Pumpkin Carving Tips & Tricks
Every October for many families brings the tradition of picking out and carving pumpkins. Depending on how many you are carving, between the prep work and finish, an entire evening can be dedicated to just this fun project. Plan ahead for dinner and add some fun music in the background. For dinner, our Maple Glazed Pork Roast or Beef Pasta Bolognese both cook great in your crock pot leaving you more time to prep your pumpkins and less time cooking and cleaning up after dinner.
There is an amazing amount of ideas online for decorating and some pretty impressive templates you can purchase at your local store. However, good carving starts with selecting the right pumpkin. It is best to choose one that is fresh, has a strong, sturdy stem and no bruises or soft spots. Pumpkins with a flat bottom are ideal to prevent them from rolling away. Here are a few additional tips…
- Where to carve the hole? The most common way, is too cut around the stem at a slant/angle on the top of your pumpkin. Cutting on a slant prevents the lid from falling through.
- Another great way is to cut the hole in the bottom of your pumpkin. This makes it easier to light and helps with stability. Plus, you don’t have to worry about the top lining back up or falling through.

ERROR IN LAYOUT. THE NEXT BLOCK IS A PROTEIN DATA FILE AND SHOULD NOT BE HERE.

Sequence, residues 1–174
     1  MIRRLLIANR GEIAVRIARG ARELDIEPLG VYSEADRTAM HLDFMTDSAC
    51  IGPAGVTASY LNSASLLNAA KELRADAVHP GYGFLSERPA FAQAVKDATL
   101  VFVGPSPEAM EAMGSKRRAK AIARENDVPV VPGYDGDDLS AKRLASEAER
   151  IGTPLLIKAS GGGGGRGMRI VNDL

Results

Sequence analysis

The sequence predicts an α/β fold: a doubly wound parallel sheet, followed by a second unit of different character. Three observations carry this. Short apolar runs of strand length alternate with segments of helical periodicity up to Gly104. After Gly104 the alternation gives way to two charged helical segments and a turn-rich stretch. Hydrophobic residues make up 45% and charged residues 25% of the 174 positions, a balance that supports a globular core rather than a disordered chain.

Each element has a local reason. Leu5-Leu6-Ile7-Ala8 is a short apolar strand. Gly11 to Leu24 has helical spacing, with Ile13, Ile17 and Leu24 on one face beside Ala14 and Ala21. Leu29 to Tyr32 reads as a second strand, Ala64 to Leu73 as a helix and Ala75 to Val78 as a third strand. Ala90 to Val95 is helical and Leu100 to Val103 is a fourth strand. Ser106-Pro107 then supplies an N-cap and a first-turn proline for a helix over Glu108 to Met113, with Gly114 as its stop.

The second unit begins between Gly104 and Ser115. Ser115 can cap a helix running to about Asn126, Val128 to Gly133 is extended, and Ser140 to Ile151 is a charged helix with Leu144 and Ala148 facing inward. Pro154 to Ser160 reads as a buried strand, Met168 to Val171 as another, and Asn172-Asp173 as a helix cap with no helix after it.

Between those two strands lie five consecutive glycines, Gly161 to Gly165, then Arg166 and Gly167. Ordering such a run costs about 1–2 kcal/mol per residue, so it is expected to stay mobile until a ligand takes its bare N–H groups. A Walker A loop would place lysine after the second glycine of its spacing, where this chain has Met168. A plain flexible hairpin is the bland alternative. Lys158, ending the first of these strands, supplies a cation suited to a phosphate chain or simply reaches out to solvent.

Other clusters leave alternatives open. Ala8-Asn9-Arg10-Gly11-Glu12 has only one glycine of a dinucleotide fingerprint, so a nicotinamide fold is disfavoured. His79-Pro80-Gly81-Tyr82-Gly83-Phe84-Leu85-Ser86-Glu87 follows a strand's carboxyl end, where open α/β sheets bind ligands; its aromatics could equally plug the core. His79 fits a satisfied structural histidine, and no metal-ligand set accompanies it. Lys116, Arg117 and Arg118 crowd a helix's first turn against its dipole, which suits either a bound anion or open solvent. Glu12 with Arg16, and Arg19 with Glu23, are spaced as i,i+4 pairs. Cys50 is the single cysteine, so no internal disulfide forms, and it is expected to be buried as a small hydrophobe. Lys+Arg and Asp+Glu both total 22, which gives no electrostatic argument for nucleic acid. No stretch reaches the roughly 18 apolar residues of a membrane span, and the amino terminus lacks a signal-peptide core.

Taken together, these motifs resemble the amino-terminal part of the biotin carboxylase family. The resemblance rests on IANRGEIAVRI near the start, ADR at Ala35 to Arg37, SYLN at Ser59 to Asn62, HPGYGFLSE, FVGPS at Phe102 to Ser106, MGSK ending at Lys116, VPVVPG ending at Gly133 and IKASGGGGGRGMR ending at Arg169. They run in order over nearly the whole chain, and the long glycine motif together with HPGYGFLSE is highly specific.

- Scoop and scrape out the flesh, pulp, and seeds with a plaster scraper. These can be purchased at your local store. They are the most effective at getting the inside of your pumpkin cleaned fast.
- Mold and dehydration are the two main contributors to pumpkin rot. Prevent both by covering the carved areas and interior of pumpkin with petroleum jelly or Vaseline. This will keep the pumpkin from drying out and will slow the growth of mold.
- A carved pumpkin only last a few days, wait to carve your pumpkins for decoration until just before the festivities.
- If you have small children, consider painting your pumpkin or decorating it with stickers or plastic Mr. Potato Head pieces.
- Want to make your pumpkin sound spooky? Place a baby monitor receiver inside the pumpkin and the monitor itself next to spooky sounds music or have your kids make noises when trick or treater’s arrive.
- Strobe lights, battery operated tap lights and “faux” votive candles are great options if you want to avoid live flame in your pumpkin. Also, wrapping white holiday lights around a jar and placing inside your pumpkin can be a great way to light it up if your pumpkin is near an outlet.
- If you are using a candle, make sure to cut a chimney. The easiest way is to light a candle inside the pumpkin, then close the lid. Quickly put out the flame and look for the blackened spot inside the lid. Cut a small hole there; it will let the smoke and heat escape while a candle glows inside.